NW Women’s Race Summit

NW Women’s Race Summit

Saturday, March 22: Racing Clinic, 9am-12:30pm, meet at Torque Coffee in Vancouver, WA

Intermediate to advanced skills including sprinting, cornering, echeloning, race tactics. Clinic will take place around Vancouver Park, bathrooms & parking will be available.

The $25 registration fee includes lunch and insurance for the clinic. Register today!

Sunday March 23: Cherry Pie Road Race
Any woman who pre-registers for the Saturday Racing Clinic will receive 1/2 off their entry to Cherry Pie!

 

Your first race!

Your First Race!

Not sure what to expect when you show up for your first bike race? Here’s a quick look!

Before Race Day
First things first, days, or even weeks, before your race, check the Oregon Bicycle Racing Association (OBRA) website. You can find the full year’sschedule of races, including links to the websites or race flyers for the events that have them. Check the location and the time of your race, so you can make sure to show up at the right place and on time. You can also pre-register for your race, which will save you money and time on race day. Also, buy yourself a racing license there if you haven’t got one already.

Besides getting registered, you’ll want to make sure you know how to race. Road racing requires some specific skills, like group riding and pacelining. You can learn these skills at clinics, by asking friends who race, or probably even on YouTube. The OBRA website has some good resources, including clinics. Take a look at the official OBRA rules.

The day before your race, consider getting your race bag together. Things you’ll need are your race numbers and OBRA license, your kit/racing gear (dress warm – the early season races can be cold!), some food for before and after your race, some water, your helmet, your shoes, gloves, sunglasses if you have them, and some clothes to change into afterward (bring a towel or a “changing skirt” to help avoid flashing everyone else at the race while you change!). You can also bring along your trainer if you have one and want to use it to warm up on race day. Check your bike for issues, and make sure your tires are pumped up to the pressure you like, and your chain is well lubed. Eat a good dinner the night before, and drink lots of water throughout the day.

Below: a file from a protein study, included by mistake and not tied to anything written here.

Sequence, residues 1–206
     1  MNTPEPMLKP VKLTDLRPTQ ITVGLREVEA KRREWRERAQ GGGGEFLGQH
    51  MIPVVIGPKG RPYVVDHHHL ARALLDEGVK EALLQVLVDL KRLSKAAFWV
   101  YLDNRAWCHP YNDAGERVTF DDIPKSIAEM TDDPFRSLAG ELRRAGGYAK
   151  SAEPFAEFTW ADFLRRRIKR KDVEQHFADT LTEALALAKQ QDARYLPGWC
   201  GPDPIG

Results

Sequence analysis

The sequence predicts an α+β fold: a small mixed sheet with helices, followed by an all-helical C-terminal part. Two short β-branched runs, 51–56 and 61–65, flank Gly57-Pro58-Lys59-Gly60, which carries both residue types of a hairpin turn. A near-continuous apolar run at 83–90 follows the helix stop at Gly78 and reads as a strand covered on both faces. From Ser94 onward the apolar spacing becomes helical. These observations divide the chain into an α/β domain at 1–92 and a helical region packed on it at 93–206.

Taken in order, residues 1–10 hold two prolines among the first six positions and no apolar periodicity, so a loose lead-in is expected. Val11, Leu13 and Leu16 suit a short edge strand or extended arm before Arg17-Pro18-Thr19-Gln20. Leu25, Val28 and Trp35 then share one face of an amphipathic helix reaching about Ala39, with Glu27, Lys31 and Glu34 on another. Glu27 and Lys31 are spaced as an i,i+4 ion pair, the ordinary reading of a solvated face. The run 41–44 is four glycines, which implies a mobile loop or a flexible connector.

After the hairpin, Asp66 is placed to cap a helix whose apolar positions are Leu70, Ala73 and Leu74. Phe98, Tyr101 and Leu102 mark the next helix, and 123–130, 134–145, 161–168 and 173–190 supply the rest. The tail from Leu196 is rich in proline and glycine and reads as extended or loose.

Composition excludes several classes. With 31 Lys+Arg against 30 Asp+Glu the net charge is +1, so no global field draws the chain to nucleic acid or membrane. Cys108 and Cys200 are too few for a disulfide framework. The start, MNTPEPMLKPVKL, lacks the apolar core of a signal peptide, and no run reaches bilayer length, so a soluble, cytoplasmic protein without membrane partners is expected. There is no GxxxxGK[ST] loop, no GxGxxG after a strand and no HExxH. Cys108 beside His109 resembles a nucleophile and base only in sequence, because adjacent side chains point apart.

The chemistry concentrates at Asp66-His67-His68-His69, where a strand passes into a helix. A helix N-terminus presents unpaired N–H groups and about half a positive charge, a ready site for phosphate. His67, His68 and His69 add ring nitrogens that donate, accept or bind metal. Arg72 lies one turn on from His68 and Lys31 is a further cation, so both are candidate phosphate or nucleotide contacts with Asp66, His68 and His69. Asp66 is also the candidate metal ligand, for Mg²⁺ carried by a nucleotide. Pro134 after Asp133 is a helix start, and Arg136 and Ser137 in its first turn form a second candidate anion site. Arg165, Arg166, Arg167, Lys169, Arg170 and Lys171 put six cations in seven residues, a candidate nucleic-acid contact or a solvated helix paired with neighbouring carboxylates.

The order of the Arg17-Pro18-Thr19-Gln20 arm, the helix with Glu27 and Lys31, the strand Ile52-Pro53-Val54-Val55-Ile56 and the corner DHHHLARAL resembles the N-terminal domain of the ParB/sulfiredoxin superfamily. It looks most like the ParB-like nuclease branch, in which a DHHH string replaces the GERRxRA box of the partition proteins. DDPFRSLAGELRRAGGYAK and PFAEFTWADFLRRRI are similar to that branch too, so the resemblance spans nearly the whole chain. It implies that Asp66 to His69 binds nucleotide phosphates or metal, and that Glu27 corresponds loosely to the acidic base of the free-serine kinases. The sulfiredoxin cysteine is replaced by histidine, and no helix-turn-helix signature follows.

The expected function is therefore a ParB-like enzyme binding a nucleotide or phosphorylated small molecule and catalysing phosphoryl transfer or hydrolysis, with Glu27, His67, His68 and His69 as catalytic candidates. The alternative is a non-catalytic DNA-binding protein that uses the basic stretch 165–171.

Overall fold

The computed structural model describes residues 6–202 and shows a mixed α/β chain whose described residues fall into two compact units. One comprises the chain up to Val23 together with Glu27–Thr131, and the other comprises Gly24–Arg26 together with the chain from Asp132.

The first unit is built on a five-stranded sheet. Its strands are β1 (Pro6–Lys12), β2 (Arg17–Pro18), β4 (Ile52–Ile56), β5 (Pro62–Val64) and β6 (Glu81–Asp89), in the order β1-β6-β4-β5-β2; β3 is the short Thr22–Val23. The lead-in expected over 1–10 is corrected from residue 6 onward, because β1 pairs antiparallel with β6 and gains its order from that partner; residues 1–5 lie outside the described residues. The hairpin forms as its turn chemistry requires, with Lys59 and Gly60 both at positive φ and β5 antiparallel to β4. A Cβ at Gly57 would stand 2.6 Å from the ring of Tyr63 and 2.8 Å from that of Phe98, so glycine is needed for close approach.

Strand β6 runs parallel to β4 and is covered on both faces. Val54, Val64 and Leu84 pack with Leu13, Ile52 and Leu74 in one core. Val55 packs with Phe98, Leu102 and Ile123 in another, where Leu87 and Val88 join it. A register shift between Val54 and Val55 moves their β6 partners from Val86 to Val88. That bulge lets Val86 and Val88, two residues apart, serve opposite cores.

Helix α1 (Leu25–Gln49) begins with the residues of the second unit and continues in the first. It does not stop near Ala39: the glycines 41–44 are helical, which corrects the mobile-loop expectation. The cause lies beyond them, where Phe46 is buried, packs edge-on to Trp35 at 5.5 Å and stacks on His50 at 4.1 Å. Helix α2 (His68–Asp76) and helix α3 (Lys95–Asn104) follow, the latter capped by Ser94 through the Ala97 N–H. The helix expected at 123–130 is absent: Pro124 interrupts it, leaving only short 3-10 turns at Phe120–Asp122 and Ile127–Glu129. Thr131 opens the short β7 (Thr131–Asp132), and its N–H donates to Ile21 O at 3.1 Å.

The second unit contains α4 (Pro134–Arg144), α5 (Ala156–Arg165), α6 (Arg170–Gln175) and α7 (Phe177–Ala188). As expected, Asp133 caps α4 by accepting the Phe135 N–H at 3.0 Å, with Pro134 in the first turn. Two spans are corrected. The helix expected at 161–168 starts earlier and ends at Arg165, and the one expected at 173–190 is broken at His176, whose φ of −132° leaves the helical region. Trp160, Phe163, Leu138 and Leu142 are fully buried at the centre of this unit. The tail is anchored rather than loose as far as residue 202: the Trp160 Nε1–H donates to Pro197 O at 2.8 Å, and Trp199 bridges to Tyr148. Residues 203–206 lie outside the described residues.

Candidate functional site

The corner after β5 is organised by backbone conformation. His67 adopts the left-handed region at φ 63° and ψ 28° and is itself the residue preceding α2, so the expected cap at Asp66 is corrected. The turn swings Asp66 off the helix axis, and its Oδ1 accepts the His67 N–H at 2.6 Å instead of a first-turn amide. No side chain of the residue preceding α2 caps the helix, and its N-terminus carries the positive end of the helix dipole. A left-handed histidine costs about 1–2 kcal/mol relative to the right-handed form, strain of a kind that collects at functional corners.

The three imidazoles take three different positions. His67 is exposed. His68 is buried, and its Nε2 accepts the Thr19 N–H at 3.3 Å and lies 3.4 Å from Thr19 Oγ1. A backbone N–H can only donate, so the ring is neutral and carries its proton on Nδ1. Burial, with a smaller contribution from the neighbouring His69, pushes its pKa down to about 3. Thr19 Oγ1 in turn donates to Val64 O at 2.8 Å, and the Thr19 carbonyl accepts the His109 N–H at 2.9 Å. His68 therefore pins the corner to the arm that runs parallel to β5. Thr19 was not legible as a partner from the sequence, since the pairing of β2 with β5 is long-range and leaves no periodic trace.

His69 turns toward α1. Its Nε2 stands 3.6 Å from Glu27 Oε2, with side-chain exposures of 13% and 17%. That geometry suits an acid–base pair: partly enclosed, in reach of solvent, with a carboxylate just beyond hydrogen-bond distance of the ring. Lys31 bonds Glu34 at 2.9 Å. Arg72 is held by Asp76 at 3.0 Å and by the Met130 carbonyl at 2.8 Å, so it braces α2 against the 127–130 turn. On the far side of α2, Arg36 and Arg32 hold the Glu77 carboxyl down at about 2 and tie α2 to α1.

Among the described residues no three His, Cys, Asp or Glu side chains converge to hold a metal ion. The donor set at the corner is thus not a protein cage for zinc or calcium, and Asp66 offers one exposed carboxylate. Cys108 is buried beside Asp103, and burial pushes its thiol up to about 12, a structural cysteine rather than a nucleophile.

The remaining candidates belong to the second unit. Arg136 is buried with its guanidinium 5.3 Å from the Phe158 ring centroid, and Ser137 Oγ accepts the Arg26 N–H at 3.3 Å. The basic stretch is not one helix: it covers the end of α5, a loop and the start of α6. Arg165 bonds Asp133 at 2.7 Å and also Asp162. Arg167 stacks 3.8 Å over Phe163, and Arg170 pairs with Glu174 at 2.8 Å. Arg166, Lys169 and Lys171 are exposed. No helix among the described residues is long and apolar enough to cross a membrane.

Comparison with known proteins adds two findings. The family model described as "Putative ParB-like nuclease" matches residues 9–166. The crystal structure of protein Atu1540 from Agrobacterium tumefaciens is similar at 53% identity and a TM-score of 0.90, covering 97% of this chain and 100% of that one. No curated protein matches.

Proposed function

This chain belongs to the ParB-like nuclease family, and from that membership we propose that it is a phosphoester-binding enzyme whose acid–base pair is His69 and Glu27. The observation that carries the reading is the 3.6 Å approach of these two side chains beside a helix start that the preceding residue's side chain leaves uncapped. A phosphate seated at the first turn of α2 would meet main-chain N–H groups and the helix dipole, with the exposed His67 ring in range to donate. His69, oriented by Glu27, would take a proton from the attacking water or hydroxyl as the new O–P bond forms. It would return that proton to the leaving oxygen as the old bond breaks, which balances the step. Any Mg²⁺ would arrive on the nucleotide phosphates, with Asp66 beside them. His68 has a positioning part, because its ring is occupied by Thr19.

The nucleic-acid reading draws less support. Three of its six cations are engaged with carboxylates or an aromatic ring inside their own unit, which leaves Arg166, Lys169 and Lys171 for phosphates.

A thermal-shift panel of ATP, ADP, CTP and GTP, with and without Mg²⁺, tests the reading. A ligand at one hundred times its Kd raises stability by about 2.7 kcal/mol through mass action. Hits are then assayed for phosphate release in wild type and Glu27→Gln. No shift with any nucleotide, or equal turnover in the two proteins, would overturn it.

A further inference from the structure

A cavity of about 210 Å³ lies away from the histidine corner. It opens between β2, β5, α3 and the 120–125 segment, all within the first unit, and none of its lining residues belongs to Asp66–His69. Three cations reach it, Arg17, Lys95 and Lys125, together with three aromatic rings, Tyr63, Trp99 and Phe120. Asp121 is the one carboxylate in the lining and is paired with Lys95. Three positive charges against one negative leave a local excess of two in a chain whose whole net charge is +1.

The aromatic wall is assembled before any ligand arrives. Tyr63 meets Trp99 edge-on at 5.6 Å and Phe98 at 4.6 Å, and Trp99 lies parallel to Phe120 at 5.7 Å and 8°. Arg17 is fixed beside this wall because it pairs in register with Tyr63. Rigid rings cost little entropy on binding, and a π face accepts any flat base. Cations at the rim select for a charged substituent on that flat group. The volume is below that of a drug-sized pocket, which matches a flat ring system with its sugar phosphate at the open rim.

Race Day
On race day, try to eat a filling breakfast about 3 hours before your race, but bring some snacks to have closer to your start time. Just don’t eat a big meal or snack right before your race! Get to the race a bit early. Everyone develops their own pre-race routine, but generally, you want time to check in at the OBRA tent, get a warm up (30 minutes on a trainer or the road), use the bathroom if you need, eat a little before your race, and get to the start on time so you’re not rushing around like crazy. If you plan to warm up on the road, be sure you are not on the race course. Ask an OBRA official if you have any questions at all, they’ll be happy to help!

At the Start Line
The OBRA officials will give you a rundown of the race once everyone is ready to start – you’ll want to hear it! Most OBRA races have a neutral roll out, which means everyone rides together at a slower speed than you will probably ride during the race. The lead car (the car that drives ahead of your field during the race) will guide you on how fast to go. When it’s time to start racing, the lead car will beep the horn a few times and accelerate, and the race is on!

Race hard! Never pass your lead car, and never cross the yellow center line. If you get dropped from the main group of racers, don’t sweat it. Keep riding hard, and think of all the good fitness you’re getting. While you’re racing, there will usually be volunteers directing you at the corners so you don’t go off the course. If you finish with the main group, be safe in the finishing sprint and don’t swerve when you’re sprinting. Ride in a straight line across the finish line, and be sure to roll down the road a bit to give others room to finish.

After the Finish
When the race is over, whether you won, lost, or placed somewhere in between, be a good sport. Drink some water, chat a bit with some of your fellow racers, have a recovery snack, and plot your moves for next time around.